What it was …
Their costumes were colorful, unlike anything I’d ever seen. Some wore cheerful wigs which resembled blue cotton candy. There was catchy music and more than once a certain samba replayed in my head. Superman and Wonder Woman sat together, apparently off duty at the moment, rejoicing like mere humans. Faces of ordinary folks were painted and flags were draped over shoulders to express one’s loyalty. The air was electric with joyful anticipation. Just attending the event invoked singing and dancing and bonding with strangers.
Commentators used phrases like “lovely pass” to commend an action and “chums” to designate team mates. Cards in bright colors were handed out for naughtiness. There was kissing and hugging and rolling in the grass. However, this behavior was neither naughty nor frowned upon but perfectly acceptable and even expected.
As the contest continued, arms dangled heavily as though devoid of use, unless of course one was attired in a blouse of contrasting color to one’s chums. In that case, the excessive use of arms and hands was joyfully celebrated. Loud whistles from opposing spectators indicated displeasure.
Occasionally random contestants would hurl themselves to the ground for no apparent reason and writhe in seemingly horrible pain. Once they were down for a sufficient amount of time, up they would pop with no ill effect. Occasionally a gang of stout fellows would run to the aid of the afflicted, placing them in large orange containers. It seems this transportation was reserved for the actual wounded as opposed to the pretend wounded. They could clearly tell the difference.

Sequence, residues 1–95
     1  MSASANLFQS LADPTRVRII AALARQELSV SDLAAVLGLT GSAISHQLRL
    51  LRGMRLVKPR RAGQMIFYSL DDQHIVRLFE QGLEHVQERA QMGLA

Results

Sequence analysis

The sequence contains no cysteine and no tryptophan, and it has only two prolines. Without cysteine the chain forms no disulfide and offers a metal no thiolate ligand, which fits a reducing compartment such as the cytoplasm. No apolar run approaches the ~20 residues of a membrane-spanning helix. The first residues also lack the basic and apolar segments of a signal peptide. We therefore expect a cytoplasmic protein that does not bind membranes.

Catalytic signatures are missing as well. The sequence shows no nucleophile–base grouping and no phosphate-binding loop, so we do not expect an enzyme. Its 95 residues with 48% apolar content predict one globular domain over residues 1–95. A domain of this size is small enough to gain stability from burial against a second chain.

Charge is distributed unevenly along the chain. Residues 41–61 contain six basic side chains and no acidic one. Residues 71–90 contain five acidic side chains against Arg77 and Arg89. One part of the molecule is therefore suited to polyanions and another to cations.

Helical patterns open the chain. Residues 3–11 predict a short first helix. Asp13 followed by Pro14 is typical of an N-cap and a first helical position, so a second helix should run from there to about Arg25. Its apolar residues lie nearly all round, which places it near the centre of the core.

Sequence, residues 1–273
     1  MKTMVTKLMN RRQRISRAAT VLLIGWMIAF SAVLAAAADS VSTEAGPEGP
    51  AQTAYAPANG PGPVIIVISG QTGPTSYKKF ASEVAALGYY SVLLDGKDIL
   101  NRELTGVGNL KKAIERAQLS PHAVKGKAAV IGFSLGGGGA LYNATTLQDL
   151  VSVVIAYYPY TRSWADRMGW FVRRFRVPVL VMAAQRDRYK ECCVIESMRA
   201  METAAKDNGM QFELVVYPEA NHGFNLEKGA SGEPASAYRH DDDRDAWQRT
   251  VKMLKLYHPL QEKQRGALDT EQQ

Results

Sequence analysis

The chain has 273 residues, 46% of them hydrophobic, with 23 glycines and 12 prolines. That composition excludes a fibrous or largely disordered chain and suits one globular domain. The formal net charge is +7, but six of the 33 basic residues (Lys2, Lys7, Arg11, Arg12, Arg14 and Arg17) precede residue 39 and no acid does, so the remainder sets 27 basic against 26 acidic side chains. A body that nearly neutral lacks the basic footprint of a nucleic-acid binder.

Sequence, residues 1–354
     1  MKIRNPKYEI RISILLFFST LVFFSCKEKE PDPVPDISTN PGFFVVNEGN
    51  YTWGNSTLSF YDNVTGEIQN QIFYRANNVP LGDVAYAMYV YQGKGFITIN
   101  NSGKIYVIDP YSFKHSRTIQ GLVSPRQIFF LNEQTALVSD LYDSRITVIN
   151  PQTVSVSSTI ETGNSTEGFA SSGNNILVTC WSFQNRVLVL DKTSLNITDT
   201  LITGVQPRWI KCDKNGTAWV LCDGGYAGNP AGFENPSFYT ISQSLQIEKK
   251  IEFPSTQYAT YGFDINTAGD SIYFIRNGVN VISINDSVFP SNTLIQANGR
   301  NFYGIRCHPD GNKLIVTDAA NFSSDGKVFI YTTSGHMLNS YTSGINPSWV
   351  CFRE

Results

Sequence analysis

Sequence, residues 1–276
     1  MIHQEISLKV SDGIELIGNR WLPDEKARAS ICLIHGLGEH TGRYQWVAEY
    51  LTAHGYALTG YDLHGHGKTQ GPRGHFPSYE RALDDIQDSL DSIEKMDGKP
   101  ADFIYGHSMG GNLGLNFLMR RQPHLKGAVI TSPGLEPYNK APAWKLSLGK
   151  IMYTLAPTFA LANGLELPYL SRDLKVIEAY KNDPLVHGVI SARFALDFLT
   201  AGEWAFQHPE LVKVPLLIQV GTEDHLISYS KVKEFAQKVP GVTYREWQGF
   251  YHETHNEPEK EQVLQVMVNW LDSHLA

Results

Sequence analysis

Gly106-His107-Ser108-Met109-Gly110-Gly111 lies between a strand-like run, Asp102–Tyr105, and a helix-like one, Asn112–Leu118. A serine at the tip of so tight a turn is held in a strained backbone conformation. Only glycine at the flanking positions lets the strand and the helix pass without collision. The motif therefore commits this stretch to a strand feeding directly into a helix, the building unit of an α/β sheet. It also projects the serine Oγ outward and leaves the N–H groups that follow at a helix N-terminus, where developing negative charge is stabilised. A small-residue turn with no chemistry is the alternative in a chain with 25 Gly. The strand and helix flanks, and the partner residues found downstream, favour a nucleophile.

A clock was displayed but it was inaccurate. Rather than counting down to the minutes left in the contest, the incorrect clock counted upwards to a particular time known only to those familiar with the festivity. Members continued on, though time ticked upward and past the pre-ordained end. Apparently a mystery clock reigned elsewhere. Someone with true understanding of wasted minutes, probably of noble birth, exercised power and wisdom as he called for stoppage of the festivities once the proper time had elapsed. At the end of the event, grown men peeled sweat-soaked shirts from their bodies and presented them to one another as gifts to commemorate the special occasion.
In the immortal words of North Carolina’s favorite son, Andy Griffith, “What it was, was football!”
Make that fútbol!
One avid fan commented, “Some people say soccer’s a matter of life or death, but it isn’t. It’s much more important than that.”
As a fan of American football, I am counting down the days to opening season, which begins with the Hall of Fame game on Aug. 3. But I have to say… this whole soccer thing might just catch on.
Olé, Olé, Olé, Olé!
Lynna Clark lives in Salisbury.